A study published in JAMA Network Open found that viral peer recruitment may be an effective tool for improving the effectiveness of smoking cessation interventions.
Investigators from the University of Massachusetts Chan Medical School recruited participants who registered at the digital tobacco intervention site between 2017 and 2019 for this study. Participants were randomly assigned into 4 groups: machine learning (ML) messaging plus viral toolkit (group A; n=205), ML messaging without viral toolkit (group B; n=207), standard messaging plus viral toolkit (group C; n=190), and standard messaging without viral toolkit (group D; n=199). The primary outcome was at 6-months achieving a 7-day smoking abstinence.
The intervention comprised 2 email messages every week for 4 weeks followed by 1 weekly email for 6 months. The messages were selected from a bank of expert-written messages and the standard messaging group received messages selected based on readiness to quit at baseline whereas the ML messages were selected based on feedback from 900 current and former smokers. The viral toolkit component was a social media plug-in that allowed participants to send private recruitment messages to friends and family and every week the participants were emailed and encouraged to invite their peers to join the study.
The study groups included 69.8%-78.2% women, 26.5%-34.0% were aged 19-34 years, 78.6%-80.7% were White, and 64.0%-68.2% smoked 6-20 cigarettes per day.
The highest smoking cessation rate at 6 months was reported by group C (46.3%), followed by group A (43.4%), group D (34.2%), and group B (27.5%).
At 6 months, the smoking cessation rate was higher for group A compared with group B (adjusted odds ratio [aOR], 1.91; 95% CI, 1.20-3.03; P =.005) but was not higher than groups C (aOR, 0.82; 95% CI, 0.52-1.28; P =.39) or D (aOR, 1.24; 95% CI, 0.79-1.95; P =.41).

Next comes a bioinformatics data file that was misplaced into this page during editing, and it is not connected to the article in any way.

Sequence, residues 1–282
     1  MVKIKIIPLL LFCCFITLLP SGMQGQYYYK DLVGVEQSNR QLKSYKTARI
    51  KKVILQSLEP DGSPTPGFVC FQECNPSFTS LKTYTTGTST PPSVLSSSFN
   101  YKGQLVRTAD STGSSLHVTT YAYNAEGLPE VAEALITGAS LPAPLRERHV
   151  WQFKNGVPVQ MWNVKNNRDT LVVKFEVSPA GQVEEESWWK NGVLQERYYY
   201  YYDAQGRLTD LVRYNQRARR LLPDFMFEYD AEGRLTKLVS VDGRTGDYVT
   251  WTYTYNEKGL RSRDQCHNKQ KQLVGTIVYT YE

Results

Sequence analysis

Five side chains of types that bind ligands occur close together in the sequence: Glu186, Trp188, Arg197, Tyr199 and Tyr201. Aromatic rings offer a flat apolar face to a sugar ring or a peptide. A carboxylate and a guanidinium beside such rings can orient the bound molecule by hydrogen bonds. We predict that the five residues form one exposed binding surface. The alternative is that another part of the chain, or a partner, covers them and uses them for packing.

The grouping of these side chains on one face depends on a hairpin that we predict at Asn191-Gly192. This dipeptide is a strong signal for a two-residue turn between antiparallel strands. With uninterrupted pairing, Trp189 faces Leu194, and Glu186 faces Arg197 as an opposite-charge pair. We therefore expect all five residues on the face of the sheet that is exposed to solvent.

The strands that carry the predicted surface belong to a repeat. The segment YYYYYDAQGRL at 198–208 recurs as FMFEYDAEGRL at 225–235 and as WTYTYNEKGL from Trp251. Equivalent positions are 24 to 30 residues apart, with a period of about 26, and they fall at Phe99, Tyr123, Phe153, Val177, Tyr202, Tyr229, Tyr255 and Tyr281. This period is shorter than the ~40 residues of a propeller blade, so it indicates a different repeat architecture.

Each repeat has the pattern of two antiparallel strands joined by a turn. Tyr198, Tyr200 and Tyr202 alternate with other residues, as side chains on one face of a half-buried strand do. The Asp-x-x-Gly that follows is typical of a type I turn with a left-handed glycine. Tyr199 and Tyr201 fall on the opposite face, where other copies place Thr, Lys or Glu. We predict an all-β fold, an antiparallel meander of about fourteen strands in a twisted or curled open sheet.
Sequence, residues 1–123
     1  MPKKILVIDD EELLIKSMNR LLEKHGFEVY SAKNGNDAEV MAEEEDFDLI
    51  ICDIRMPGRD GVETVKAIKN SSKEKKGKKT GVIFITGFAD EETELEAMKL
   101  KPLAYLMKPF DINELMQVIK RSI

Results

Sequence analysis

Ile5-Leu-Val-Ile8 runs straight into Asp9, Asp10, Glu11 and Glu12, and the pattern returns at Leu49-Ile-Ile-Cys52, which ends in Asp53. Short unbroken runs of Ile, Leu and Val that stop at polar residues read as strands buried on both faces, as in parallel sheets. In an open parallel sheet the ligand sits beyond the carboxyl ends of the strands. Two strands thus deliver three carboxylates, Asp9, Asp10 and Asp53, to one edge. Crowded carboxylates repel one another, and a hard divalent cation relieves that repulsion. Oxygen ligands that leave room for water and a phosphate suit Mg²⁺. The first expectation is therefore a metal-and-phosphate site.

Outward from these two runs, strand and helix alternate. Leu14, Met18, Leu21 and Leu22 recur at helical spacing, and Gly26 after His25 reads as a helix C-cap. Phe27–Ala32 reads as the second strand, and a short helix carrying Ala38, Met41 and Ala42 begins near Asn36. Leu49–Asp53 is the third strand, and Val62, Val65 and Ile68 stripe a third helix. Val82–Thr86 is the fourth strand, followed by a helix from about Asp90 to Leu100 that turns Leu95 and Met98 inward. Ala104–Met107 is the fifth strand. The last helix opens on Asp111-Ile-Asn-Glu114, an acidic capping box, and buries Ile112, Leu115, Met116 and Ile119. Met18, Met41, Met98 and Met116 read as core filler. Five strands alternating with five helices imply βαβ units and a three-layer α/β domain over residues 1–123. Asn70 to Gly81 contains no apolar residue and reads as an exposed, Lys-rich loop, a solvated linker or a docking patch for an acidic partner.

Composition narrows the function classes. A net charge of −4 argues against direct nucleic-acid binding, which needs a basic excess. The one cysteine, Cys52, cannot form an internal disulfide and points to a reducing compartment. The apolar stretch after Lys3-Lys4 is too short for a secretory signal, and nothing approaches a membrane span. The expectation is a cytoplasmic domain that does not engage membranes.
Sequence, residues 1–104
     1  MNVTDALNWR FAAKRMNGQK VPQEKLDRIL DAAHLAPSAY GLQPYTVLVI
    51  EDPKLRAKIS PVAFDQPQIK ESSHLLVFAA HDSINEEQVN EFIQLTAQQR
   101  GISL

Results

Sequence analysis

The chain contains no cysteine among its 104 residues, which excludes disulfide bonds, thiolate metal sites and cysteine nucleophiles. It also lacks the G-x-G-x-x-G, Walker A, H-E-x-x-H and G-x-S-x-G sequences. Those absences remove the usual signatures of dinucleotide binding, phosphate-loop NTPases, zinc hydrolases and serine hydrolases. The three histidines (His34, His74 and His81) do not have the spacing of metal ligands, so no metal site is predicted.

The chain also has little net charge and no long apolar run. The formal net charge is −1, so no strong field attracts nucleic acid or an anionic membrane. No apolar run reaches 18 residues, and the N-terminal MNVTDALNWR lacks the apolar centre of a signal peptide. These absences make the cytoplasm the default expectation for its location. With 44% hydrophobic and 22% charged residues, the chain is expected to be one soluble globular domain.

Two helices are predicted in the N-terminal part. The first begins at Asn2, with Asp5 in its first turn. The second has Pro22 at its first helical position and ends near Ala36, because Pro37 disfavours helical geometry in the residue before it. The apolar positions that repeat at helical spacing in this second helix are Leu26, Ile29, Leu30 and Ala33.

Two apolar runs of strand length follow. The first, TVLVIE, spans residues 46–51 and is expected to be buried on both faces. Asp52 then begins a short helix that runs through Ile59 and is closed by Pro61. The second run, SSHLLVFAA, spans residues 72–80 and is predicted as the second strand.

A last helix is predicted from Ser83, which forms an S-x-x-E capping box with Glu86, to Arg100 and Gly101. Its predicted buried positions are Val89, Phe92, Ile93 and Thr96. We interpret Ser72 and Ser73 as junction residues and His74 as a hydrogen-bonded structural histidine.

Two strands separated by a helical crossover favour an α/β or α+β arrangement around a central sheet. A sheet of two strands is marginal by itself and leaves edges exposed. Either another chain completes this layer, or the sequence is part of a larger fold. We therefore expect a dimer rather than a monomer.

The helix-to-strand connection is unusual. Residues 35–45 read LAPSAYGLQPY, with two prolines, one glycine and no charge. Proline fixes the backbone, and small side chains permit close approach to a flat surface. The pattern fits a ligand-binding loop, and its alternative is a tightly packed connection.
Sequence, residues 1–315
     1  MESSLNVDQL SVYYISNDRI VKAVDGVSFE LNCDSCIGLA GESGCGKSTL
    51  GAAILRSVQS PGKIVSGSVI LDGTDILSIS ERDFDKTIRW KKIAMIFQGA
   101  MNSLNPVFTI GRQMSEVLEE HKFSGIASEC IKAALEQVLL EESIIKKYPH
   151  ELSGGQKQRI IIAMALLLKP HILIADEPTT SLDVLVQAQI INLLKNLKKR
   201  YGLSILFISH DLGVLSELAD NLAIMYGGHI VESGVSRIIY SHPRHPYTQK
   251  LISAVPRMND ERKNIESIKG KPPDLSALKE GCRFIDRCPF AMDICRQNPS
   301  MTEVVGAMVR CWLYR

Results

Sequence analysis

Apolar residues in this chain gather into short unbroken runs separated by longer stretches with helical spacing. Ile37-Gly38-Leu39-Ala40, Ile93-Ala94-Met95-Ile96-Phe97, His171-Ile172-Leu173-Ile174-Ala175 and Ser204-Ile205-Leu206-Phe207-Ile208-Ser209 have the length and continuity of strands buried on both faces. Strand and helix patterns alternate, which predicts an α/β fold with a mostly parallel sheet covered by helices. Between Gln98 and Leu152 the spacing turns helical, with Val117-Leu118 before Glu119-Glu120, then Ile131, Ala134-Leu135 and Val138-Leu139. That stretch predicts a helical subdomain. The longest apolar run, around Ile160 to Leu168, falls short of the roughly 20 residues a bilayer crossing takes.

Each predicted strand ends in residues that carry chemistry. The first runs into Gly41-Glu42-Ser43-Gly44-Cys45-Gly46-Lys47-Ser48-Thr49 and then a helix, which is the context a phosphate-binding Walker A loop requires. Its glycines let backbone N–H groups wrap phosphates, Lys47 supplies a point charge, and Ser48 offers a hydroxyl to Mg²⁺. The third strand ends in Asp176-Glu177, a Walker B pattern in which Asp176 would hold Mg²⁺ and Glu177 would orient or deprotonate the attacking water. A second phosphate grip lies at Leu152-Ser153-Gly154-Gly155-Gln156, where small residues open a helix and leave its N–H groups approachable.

Stratified by individual interventions, the recipients of the viral toolkit had a higher cessation rate than those who did not (aOR, 1.48; 95% CI, 1.11-1.98; P =.01) whereas there was no significant effect of ML or standard messaging interventions (aOR, 0.81; 95% CI, 0.61-1.08; P =.16).
In the sensitivity analysis, the viral toolkit was only favored over no toolkit among the subset of participants who were allocated to the intervention (aOR, 2.56; 95% CI, 1.66-3.96; P <.001) and not among all randomly assigned participants (aOR, 1.26; 95% CI, 0.86-1.86; P =.23).
This study may have been limited by its retention rate (52.7%). However, this value was similar to many published trials about smoking cessation.
The study authors concluded, “Our results suggest that viral recruitment may be beneficial not only for spreading the intervention, but also for motivating smokers to quit smoking. This may open new opportunities to design digital interventions for smoking cessation as team efforts and build collaborative tools for people who smoke to not only refer, but also engage with one another throughout the intervention. Our results further suggest that through digital methods, we may have the potential to reach a larger proportion of individuals with effective methods, resulting in a greater impact.”
Faro JM, Chen J, Flahive J, et al. Effect of a machine learning recommender system and viral peer marketing intervention on smoking cessation: a randomized clinical trial. JAMA Netw Open. 2023;6(1):e2250665. doi:10.1001/jamanetworkopen.2022.50665
This article originally appeared on Psychiatry Advisor